The payoff is pretty nice, as World Cup referees are paid exceptionally well. In the most recent World Cups, referees have been paid $50,000 or more for the entire tournament. They also get full accommodations, not to mention other benefits while spending a few weeks at the World Cup.

Tough Requirements To Reach The Highest Paying Referee Jobs

Soccer referees must be in great shape to keep up with the level of play. At the professional level, it is very rare to see any referees over the age of 50. FIFA officials have to be 45 years of age or under before they must retire.

Some of the top leagues will also make sure that soccer referees can pass physical fitness tests and keep their body fat percentage under a certain level. This is all part of the process to make sure that they can withstand the rigors of a full match.

In some domestic leagues, referees must speak certain languages to call games. This helps with communication between the players/coaches, and referees. Most World Cup and international matches try to have various languages covered between all of the referees.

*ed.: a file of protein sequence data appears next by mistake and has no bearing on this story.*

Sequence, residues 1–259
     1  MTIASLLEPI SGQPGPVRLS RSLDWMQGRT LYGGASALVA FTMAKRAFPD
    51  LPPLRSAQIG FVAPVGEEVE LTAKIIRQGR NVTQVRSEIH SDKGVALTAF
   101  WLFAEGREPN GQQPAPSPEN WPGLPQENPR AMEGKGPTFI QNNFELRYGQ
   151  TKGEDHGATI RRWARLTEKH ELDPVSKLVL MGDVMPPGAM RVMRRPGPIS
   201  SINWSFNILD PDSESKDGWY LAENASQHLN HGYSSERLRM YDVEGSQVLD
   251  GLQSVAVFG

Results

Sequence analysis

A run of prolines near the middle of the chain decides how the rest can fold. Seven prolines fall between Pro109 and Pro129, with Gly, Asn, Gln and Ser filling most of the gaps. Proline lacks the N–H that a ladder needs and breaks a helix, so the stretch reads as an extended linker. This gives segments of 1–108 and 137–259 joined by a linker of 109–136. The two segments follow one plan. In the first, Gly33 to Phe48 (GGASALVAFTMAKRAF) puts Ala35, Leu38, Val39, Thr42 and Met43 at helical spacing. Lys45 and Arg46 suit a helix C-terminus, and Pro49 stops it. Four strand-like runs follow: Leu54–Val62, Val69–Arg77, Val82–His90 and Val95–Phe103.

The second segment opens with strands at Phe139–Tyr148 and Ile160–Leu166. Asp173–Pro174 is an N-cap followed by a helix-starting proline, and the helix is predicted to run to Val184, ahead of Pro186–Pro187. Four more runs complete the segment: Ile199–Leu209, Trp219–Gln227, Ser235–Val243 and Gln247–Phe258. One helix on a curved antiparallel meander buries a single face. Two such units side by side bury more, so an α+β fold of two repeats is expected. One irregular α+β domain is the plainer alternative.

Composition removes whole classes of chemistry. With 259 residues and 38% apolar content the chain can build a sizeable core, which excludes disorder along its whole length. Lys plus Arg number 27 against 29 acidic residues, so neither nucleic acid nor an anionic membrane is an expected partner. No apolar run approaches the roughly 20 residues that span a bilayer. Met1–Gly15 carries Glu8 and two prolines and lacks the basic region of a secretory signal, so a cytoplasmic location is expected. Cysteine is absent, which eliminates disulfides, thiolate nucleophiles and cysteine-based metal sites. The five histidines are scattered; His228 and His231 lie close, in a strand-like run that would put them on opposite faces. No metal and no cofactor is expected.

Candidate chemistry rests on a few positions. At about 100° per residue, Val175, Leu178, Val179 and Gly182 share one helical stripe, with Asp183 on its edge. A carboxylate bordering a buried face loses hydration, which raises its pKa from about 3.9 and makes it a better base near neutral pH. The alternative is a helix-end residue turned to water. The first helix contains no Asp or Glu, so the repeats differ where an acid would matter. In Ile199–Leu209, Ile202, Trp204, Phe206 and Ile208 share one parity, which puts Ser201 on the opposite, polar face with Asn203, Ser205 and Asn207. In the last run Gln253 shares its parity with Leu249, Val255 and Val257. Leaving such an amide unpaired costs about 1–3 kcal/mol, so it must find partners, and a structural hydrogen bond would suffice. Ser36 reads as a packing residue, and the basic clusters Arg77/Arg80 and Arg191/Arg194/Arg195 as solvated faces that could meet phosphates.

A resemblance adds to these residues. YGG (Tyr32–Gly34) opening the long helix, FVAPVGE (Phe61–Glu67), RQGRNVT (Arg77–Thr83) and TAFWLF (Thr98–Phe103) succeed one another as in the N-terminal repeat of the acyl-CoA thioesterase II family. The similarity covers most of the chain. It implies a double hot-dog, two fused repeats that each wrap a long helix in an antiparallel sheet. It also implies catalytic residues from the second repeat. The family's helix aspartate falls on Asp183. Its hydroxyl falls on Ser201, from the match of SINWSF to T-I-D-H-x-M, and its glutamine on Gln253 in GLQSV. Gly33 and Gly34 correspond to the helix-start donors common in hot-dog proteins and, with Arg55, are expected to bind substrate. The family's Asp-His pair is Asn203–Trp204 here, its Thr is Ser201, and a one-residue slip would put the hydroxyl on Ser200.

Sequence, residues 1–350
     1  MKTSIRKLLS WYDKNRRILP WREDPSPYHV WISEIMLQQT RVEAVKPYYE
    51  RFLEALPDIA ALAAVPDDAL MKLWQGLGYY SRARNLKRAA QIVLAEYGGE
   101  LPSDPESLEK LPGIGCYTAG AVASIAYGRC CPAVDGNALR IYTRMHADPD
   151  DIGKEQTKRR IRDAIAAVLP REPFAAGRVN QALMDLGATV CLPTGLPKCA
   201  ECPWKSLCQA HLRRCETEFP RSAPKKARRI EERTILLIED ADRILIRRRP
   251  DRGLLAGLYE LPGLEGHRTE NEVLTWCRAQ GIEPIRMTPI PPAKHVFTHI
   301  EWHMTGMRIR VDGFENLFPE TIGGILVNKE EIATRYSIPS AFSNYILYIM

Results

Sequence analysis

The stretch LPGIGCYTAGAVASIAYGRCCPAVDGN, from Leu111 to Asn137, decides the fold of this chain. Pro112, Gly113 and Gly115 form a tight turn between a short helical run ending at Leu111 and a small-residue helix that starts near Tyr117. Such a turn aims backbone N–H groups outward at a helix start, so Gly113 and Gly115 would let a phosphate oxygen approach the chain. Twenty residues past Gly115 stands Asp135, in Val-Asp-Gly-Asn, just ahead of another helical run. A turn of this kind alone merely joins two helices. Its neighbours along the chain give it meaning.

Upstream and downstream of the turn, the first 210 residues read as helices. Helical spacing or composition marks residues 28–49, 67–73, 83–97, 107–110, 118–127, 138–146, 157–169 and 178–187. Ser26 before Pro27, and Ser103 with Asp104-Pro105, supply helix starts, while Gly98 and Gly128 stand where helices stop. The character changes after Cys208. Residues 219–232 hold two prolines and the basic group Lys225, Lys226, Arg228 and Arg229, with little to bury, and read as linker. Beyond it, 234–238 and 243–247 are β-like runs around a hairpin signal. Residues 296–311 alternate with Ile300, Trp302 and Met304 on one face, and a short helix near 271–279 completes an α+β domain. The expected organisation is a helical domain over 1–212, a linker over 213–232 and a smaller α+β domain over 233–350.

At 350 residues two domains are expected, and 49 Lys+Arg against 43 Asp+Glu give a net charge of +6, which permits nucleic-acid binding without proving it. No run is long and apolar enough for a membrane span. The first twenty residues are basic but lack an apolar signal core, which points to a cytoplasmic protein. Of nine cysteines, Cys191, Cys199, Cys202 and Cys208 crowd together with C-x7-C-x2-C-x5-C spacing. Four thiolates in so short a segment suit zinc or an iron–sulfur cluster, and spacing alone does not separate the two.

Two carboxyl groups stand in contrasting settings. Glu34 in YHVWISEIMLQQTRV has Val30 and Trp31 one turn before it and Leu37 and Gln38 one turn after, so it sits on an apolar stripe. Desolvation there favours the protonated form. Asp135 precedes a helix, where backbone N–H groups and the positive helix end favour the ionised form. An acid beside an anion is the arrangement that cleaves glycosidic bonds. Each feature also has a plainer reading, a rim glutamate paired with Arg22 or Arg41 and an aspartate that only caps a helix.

Is It Ultimately Worth Refereeing In Soccer?

Like any job, there are pros and cons to being a soccer referee. Just about every person gets into it due to being passionate about the game of soccer. It might be a side hustle only, but others want to make it to the highest level possible. If you are interested in how to become a soccer referee, I listed all the steps in this post.

Referees must have thin skin, as they are constantly blamed for any calls that can come off as controversial. However, getting a chance to stay involved in sports comes off as the perfect job for some, as there is never a shortage of new referees looking to jump into everything.